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bullshit asshole, no one likes the tuna here

but i agree 100% with everything else you said. my house is ~1900 sq. ft. and i have a bunch of rooms that i don't use. they're filled with cob webs and might even.... actually brb

ok no, they don't have any homeless people squatting in them, but they could.

i thought this was my dream house when i got it but i later learned there are a lot of things i'd change. things you don't even think about until you've been in a house for a couple of years. hell, i might have even designed a house identical to this one when i moved in.

it's well worth the "wasted time" to learn things like this in a starter home IMO
Yeah seriously, when people would come over they'd be like "wait, so just you and your wife live here?" We could have easily lived in a house half the size and had more than enough room. You learn real quickly that it's a ****ing waste of space unless you're some no-birth-control-ever Catholic family.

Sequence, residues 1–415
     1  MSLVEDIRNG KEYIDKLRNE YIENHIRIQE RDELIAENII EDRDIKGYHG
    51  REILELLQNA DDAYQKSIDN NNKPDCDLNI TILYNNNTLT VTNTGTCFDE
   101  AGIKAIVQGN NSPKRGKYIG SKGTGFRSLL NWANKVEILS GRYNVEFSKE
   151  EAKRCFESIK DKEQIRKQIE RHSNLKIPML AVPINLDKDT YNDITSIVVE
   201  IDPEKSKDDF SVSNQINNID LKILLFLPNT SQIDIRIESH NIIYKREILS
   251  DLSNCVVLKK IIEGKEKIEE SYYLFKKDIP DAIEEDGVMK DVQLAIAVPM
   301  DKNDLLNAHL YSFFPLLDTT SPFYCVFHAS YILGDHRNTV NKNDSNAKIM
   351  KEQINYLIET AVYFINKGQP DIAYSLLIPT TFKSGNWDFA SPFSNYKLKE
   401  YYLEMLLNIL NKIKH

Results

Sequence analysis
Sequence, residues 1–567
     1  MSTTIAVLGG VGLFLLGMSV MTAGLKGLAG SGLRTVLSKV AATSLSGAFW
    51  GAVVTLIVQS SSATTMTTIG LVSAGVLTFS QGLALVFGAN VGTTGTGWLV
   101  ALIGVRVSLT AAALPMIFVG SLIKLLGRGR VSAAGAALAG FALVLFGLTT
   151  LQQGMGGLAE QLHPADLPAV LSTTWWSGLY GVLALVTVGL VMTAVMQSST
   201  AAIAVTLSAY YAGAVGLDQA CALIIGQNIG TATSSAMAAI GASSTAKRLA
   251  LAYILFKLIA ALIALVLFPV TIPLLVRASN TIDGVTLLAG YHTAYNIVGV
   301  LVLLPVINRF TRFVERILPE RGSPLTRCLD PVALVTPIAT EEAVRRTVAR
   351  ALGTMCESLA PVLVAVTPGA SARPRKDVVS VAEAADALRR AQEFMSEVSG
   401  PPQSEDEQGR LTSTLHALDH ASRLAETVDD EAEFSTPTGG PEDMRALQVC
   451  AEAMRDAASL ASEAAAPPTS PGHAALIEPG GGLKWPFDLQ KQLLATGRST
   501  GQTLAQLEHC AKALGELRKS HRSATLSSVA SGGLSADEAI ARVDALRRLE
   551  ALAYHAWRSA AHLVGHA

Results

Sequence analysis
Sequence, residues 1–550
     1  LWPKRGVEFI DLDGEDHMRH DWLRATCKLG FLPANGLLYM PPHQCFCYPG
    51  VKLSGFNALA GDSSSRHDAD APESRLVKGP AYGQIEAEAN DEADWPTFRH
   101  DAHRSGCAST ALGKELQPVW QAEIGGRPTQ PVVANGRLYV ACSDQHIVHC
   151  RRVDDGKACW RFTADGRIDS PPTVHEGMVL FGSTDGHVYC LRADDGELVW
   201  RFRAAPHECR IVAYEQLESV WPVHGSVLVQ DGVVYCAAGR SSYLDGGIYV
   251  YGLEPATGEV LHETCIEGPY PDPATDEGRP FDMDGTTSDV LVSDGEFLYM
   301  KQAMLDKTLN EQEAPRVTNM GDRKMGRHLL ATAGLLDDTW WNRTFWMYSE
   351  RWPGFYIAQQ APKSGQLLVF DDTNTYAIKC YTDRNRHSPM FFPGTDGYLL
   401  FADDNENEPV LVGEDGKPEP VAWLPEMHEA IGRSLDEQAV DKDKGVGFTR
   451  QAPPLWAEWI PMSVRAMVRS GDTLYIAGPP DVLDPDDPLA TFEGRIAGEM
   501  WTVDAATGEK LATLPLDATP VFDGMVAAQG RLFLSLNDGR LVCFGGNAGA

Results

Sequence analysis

When my wife would get paranoid about someone being in the house, you gotta grab the shotgun and then clear all those ****ing rooms and closets and pantries and other doors you didn't even know existed when you moved in. 1000 sqft, you know if someone or some little creature is hiding in your house somewhere pretty easily.

Just give me a small, modernized 2/1.5 craftsman with decent kitchen and a ballin-ass garage and that's really all I need.
 

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PSN alphadong11
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I know if was buying a house I would hate the split level or 1½ story if I was going to stay in it forever. Ranch with a walk out basement would be cool. If I did have upstairs rooms then it sure as hell won't be the master and washer dryer on main floor.
 

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Biz Jet Fixer
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this doesn't really answer your question but i see a lot of younger guys talk about living with their parents until they can buy or build their dream house, and while that does sound awesome in theory, i would highly recommend a starter house, even if for a couple of years, because in that time frame you'll get a much better idea of things you'll want/not want in your next home.

my advice to those people is to buy a foreclosure, live in it for a while to learn what you like and don't like, then sell the house for a profit in a couple of years and then consider buying that dream house
THIS, THIS, THIS, THIS, THIS. I can't emphasize this enough for a PLETHORA of reasons.

I was in pretty much the same situation as you but I live in S Carolina where starter homes aren't $200k and property tax on a house is <$2k/year.